Wyangala Dam a popular spot over summer

Relief at Wyangala.
Relief at Wyangala.

Plenty of residents headed for water this past summer and Wyangala Dam was a popular destination, according to figures from Reflections Holiday Parks.

According to the Bureau of Meteorology summer 2017–18 in New South Wales was the fourth-warmest on record, with warmer than average temperatures throughout the State, including Canowndra.

With the mercury rising so to did visitation to Wyangala Dam.

Between November 1 and January 31, 405 car entries were recorded at the State park compared to 290 car entry payments during the same period in 2016-2017.

This was on top of season passes which also saw an increase from 148 sold in 2016-2017 to 176 this summer.

A spokesperson for Reflections said bookings at the park totalled 1562 which was on par with the previous summer.

Rainfall totals were below average across most of the northern half of the State, but were average to above average in southern areas due to heavy rains in December.

Overall, it was the State's fourth-warmest summer on record.

The State's mean maximum temperature was 2.46 °C warmer than average, ranking as the fourth-warmest on record.

Daytime temperatures were more than 3 °C above average in the Upper Western District and parts of the Central region.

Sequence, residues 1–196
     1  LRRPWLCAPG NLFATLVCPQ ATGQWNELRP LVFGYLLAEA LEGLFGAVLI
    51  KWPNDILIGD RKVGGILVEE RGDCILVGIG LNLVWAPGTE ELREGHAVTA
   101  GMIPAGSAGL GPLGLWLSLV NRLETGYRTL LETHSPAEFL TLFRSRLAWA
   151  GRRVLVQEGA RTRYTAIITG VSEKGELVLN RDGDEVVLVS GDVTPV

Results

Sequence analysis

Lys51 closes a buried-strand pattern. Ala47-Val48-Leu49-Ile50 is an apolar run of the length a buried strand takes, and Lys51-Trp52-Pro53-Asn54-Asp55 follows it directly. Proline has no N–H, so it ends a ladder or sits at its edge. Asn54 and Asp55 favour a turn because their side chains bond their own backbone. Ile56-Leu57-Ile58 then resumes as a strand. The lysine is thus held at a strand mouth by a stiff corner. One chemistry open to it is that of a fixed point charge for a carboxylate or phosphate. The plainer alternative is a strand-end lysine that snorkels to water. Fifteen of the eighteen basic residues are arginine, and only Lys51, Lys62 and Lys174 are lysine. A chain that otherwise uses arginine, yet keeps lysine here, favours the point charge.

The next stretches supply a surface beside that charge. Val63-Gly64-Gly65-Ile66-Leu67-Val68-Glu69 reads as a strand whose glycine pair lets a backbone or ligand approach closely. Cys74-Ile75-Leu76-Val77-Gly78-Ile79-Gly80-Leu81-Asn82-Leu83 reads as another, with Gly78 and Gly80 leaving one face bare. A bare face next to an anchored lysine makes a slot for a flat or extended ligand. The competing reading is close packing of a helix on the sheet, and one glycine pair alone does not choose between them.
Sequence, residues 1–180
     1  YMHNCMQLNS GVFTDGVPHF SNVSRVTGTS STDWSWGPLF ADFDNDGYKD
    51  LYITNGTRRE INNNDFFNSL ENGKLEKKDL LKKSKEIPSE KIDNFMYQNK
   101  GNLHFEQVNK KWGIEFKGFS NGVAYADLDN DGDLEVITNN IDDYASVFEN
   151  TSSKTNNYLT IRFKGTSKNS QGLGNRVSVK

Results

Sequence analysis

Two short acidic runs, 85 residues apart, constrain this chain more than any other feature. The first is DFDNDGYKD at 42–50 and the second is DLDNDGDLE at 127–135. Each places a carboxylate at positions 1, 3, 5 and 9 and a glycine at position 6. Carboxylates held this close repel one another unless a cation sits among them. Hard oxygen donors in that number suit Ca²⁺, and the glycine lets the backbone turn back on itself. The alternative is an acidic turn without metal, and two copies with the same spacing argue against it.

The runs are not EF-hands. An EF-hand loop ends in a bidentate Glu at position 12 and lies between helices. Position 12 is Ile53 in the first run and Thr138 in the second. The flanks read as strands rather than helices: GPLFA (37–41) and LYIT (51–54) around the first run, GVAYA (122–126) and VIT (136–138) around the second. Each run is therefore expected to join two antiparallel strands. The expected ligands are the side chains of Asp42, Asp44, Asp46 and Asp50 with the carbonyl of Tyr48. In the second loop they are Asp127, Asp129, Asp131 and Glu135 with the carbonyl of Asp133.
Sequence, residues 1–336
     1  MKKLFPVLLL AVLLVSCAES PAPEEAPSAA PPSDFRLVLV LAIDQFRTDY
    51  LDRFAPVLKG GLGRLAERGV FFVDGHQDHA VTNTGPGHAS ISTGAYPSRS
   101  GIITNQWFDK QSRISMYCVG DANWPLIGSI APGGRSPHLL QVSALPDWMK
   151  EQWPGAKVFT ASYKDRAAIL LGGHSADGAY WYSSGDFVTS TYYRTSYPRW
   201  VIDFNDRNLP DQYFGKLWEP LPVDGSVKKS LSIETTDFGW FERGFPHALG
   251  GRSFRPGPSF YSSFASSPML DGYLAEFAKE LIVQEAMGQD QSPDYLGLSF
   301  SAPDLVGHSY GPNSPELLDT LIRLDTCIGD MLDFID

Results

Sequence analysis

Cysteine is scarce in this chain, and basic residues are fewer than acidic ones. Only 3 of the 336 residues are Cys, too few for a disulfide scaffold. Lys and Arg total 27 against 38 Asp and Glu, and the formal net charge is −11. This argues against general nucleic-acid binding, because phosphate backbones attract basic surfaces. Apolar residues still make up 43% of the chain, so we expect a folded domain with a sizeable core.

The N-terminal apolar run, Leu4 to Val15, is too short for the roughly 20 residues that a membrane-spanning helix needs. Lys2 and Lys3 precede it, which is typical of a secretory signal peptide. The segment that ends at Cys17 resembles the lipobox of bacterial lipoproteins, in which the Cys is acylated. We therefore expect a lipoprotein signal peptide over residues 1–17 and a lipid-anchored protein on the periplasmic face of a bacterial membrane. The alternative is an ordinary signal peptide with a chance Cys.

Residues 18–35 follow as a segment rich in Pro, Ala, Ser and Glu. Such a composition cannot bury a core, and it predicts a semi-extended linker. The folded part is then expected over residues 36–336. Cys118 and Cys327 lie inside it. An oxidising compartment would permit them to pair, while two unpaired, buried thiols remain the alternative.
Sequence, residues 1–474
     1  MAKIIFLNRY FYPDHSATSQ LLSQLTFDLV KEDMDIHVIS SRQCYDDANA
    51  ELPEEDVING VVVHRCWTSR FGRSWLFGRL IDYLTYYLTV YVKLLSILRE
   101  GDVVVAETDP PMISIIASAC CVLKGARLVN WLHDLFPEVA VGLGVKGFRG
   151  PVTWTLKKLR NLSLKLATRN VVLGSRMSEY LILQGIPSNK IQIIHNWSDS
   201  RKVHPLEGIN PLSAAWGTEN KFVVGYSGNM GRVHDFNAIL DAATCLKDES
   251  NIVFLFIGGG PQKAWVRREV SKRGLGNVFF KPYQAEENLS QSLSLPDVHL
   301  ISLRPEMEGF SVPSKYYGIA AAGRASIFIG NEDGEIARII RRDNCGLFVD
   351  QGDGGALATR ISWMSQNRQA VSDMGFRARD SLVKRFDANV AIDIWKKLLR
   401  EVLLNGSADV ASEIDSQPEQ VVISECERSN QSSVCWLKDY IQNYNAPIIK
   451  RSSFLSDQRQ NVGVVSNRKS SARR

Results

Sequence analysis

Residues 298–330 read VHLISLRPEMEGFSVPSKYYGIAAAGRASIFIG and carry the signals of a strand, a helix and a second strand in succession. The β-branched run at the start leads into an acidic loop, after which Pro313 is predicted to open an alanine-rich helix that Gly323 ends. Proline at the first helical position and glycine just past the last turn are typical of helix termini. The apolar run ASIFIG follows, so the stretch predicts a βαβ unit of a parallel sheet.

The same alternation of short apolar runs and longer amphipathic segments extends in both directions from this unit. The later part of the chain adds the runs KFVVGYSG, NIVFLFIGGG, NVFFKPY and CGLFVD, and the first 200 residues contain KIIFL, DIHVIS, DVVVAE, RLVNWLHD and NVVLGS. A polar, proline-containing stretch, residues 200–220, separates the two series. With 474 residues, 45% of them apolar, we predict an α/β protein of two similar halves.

Heatwaves in December and January resulted in several sites having their warmest summer night (highest daily minimum temperature) on record.

Two sites had their highest summer mean temperature since 1980.

Autumn began on Thursday and that means cooler temperatures and some rain, doesn’t it?

Not quite, according to the latest climate outlook released by the Bureau.

The autumn rainfall outlook, issued on Wednesday last week, shows large parts of central and southeastern Australia are likely to have a drier-than-average season.

The Bureau of Meteorology’s analysis showed February was drier than average but only just thanks the deluge Canowindra and many other centres received in the final week of the month which saw the total reach 51.8mm compared to the 20 year average of 55.3mm.

Temperatures weren’t too far off averages: the average maximum was 32.6, above a long-term average of 31.6, but our hottest day was 41.4.

Our coolest February morning was 10.6 degrees. But we must have had more of those cool mornings as our average low was 16.0 degrees, below the long-term average of 16.2.

New South Wales farmer confidence has ‘wilted’ over the course of the hot, dry summer, with sentiment levels taking a hit in Rabobank’s latest Rural Confidence Survey, released this week.